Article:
Have Fun Storming The Citadel (Part II)

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Citadel was rather firm in issuing unflagging and unqualified denials relating to any persistent rumors that had been swirling around about the firm. These started to become more and more acute in the last two weeks. It was said they were being visited by the Fed. No, the Fed was interviewing Citadel counterparties to gauge their exposure. Ok, so Citadel had met with the Fed, sorta. But it was totally routine. That they were down 20%. No, it's more like 30%. Ok, 40%. "40%? You're a damn liar. It was 30%, seriously." Their "reassure debt holders" call was so popular with non-debt-holders that the call was apparently delayed while the firm scrambled to reserve more lines. This is the modern equivalent of rubbernecking, of course.
So Citadel is fine. But that 10% "Mommy, I had an accident in the night time" disaster that was the last two days of the market? Totally Citadel and friends, or so says the Wall Street Journal:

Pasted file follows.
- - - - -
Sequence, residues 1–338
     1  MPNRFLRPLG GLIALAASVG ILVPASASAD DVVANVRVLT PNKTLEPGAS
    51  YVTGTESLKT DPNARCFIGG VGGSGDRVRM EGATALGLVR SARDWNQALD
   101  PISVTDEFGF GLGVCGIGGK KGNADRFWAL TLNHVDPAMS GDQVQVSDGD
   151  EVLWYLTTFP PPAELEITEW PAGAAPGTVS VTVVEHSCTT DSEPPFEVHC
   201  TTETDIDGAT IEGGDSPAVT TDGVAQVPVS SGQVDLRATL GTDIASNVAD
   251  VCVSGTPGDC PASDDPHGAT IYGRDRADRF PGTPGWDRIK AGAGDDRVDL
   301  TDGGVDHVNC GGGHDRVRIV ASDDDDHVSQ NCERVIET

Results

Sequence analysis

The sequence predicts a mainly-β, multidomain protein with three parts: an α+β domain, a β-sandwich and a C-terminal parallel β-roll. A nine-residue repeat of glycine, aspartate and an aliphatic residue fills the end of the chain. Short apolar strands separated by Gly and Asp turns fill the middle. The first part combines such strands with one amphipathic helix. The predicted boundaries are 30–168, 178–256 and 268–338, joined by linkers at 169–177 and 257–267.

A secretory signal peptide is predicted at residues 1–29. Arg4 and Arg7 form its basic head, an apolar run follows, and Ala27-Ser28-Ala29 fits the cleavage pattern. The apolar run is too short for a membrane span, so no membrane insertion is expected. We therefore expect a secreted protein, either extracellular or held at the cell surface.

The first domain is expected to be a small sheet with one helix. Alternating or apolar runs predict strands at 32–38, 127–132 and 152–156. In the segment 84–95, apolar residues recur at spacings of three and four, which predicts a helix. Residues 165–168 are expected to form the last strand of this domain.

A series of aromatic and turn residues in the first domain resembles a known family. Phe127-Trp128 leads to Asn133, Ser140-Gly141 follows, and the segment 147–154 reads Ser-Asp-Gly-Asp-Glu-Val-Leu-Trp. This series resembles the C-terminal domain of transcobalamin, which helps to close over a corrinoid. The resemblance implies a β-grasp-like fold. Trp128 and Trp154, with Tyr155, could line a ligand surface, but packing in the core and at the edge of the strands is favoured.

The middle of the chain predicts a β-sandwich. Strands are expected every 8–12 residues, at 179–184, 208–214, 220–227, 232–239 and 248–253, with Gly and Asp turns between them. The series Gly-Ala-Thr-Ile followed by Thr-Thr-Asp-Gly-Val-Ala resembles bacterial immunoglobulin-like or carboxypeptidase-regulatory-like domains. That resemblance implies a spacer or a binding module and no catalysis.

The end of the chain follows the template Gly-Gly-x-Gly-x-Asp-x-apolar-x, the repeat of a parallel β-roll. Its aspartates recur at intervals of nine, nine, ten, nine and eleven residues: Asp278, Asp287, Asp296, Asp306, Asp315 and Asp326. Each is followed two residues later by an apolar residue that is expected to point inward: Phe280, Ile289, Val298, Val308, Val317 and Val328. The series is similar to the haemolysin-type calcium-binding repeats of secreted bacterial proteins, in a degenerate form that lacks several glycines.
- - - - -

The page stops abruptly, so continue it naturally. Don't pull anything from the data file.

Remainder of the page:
The recent rush of withdrawal notices to hedge funds comes as investors, including endowments, pension funds and wealthy individuals, see other investments shrink; in some cases these investors need cash to meet their own obligations. It also marks a sharp reversal of sentiment among these big institutional investors, which jumped into hedge funds and similar investments in recent years. The University of Virginia, with an endowment of $4 billion in mid-October, recently said it plans to sell $400 million of its $1.8 billion in hedge funds in the next couple of years to fulfill commitments to other investments.
The result is a downward spiral where hedge funds sell off thinly traded securities such as convertible bonds and corporate loans, driving down their prices, and leading to bigger losses and more demands for cash. Some $4.28 billion worth of corporate loans have been put up for sale in the past month, according to Standard & Poor's. When hedge funds can't meet the demands for cash, lenders seize their assets and try to sell them, further driving down prices and putting more funds in trouble.

Ok you ruffians! Who's long equities?
Hedge Fund Selling Puts New Stress on Market [The Wall Street Journal]

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